Friday, May 19, 2006

Middle East Expert: Iran Badge Requirements for Non-Muslims Untrue

Canada's National Post [ed. note: the story has now disappeared] (see update below) reported on Friday that a new law has been passed in Iran that would require all non-Muslims to wear colour-coded "badges" to identify which religious group they belong to. But the veracity of that story is far from conclusive.

A quick Google news search reveals that no other major media outlets are carrying this story. Instead, the links mostly go to blog or news sites that have reacted in horror to the National Post article. To this point, there has not been any other independent verification.

PM Stephen Harper only said the claims "might be true", but an Israeli reporter and expert told a Montreal radio station that the reports are false.

The National Post is sending shockwaves across the country this morning with a report that Iran's Parliament has passed a law requiring mandatory Holocaust style badges to identify Jews and Christians.

But independent reporter Meir Javedanfar, an Israeli Middle East expert who was born and raised in Tehran, says the report is false.
"It's absolutely factually incorrect," he told The New 940 Montreal.
"Nowhere in the law is there any talk of Jews and Christians having to wear different colours. I've checked it with sources both inside Iran and outside."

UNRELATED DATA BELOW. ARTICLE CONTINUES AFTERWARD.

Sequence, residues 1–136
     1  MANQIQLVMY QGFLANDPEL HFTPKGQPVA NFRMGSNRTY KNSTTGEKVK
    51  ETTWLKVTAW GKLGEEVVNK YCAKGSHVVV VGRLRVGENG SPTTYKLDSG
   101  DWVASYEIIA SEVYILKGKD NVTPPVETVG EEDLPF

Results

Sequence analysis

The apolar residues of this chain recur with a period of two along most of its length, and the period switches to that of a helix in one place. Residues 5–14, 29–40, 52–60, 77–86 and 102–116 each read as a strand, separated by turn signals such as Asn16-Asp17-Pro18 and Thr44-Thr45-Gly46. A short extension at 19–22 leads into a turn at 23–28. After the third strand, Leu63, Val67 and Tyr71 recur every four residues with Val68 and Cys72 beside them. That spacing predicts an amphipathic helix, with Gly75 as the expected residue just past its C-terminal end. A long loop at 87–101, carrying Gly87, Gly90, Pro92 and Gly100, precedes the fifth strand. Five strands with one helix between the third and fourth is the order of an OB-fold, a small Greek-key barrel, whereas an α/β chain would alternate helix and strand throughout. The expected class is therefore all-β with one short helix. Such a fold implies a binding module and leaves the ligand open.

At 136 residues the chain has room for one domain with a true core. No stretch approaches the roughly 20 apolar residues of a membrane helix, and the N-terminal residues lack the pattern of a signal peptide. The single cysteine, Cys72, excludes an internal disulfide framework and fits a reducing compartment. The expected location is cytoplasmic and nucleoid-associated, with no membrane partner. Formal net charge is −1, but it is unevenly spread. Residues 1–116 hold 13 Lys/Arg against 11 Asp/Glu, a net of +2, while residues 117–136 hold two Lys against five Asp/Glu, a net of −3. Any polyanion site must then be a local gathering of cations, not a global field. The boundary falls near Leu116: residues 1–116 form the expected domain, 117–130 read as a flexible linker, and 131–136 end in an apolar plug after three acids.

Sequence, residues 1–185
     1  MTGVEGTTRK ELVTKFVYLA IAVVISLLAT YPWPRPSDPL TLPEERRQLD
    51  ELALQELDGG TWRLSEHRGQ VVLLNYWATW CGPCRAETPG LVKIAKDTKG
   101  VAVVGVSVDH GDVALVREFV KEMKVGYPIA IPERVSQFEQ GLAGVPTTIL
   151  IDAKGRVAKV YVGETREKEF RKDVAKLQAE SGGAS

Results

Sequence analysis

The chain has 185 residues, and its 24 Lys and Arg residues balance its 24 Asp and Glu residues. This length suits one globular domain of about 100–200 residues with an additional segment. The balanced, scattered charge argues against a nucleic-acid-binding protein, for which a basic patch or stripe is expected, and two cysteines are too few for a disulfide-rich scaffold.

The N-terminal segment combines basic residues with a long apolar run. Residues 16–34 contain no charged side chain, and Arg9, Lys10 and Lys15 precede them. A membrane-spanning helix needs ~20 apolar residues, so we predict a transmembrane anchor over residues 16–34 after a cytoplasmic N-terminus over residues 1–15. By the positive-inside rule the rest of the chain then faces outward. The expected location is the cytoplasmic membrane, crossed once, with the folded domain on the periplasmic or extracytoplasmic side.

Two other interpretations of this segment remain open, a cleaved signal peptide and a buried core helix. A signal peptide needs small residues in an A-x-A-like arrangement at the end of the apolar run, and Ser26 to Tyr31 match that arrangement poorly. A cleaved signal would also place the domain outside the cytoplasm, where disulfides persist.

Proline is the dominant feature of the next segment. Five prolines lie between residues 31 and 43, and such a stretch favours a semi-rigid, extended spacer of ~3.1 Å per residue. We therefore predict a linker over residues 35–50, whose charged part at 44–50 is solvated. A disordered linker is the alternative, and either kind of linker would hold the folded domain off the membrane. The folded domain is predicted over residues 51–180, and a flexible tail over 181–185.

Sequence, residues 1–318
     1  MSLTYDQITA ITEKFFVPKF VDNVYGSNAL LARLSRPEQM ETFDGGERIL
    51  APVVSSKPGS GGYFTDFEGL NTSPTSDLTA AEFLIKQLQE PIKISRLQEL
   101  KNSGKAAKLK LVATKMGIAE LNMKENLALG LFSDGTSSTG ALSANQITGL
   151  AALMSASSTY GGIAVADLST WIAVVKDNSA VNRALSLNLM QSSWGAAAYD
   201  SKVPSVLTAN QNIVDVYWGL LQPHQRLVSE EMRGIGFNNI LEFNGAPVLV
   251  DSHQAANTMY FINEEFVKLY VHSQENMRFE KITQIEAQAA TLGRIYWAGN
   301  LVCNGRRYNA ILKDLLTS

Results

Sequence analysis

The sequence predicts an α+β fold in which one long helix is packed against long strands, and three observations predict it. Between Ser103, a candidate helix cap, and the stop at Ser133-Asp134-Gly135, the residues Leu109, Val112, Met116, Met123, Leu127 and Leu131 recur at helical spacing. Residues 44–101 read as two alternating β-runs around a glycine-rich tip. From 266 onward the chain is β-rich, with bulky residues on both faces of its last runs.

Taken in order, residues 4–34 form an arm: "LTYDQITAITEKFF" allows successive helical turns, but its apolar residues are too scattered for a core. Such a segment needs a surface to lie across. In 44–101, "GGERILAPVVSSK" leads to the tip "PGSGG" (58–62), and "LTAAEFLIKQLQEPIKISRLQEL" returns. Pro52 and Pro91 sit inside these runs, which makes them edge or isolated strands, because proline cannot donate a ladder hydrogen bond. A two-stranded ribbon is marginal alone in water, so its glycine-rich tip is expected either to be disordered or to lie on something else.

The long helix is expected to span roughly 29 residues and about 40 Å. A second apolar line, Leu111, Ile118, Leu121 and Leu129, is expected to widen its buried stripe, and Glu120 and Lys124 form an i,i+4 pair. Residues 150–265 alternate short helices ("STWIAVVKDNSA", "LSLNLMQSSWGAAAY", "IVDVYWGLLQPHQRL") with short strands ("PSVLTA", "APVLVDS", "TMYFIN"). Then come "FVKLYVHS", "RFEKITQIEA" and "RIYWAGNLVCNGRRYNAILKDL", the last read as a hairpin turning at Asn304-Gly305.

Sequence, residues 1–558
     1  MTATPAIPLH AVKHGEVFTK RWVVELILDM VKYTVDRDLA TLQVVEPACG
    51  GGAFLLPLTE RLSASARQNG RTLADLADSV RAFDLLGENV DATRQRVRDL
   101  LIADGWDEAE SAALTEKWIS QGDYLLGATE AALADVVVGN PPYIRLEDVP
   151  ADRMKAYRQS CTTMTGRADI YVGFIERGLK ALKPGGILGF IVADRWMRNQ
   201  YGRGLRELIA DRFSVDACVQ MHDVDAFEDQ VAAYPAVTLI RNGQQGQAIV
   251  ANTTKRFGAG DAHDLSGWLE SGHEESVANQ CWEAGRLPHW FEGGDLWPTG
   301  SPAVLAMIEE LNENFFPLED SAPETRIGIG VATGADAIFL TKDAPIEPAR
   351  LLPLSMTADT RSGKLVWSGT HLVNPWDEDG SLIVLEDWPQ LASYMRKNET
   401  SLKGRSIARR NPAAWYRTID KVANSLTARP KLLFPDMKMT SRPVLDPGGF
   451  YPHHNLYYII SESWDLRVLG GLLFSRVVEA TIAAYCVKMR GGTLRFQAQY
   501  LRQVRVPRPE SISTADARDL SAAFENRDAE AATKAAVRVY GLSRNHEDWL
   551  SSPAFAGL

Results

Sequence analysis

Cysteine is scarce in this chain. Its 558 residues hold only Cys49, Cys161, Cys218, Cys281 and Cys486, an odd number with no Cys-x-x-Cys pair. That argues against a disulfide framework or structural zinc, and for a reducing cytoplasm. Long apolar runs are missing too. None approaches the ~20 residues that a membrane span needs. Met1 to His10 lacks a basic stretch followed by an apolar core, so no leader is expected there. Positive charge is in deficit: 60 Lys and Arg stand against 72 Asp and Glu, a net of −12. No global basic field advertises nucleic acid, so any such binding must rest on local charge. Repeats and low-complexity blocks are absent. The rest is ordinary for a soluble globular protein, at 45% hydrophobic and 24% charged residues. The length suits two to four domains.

"The Iranian people would never stand for it. The Iranian government wouldn't be stupid enough to do it."

UPDATE:, which actually hosts the National Post online is now carrying this story from the Canadian Press:

OTTAWA (CP) - Prime Minister Stephen Harper was quick to condemn Iran on Friday for an anti-Semitic law that appears not to exist.

Harper seized on a report in the National Post newspaper that Iran's hardline government would require Jews and Christians to wear coloured labels in public.

The prime minister couldn't vouch for the accuracy of the report, but said Iran was capable of such actions, which he compared to Nazi practices.
But western journalists based in Iran said they knew of no such law being passed. And Iranian politicians - including a Jewish legislator in Tehran - were infuriated by the Post report, which they said was false.

Politician Morris Motamed, one of about 25,000 Jews who live in Iran, called the report a slap in the face to his minority community.

"Such a plan has never been proposed or discussed in parliament," Motamed told the Associated Press.

"Such news, which appeared abroad, is an insult to religious minorities here."

Another Iranian legislator said the newspaper has distorted a bill that he presented to parliament, which calls for more conservative clothing for Muslims.

"It's a sheer lie. The rumours about this are worthless," Emad Afroogh told Associated Press.

Afroogh's bill seeks to make women dress more traditionally and avoid Western fashions. Minority religious labels have nothing to do with it, he said.

"The bill is not related to minorities. It is only about clothing," he said.

"Please tell them (the West) to check the details of the bill. There is no mention of religious minorities and their clothing in the bill."

UPDATE: Commenter Don informed me that the National Post has moved their story to a different address. It can now be found here.

No comments:

Post a Comment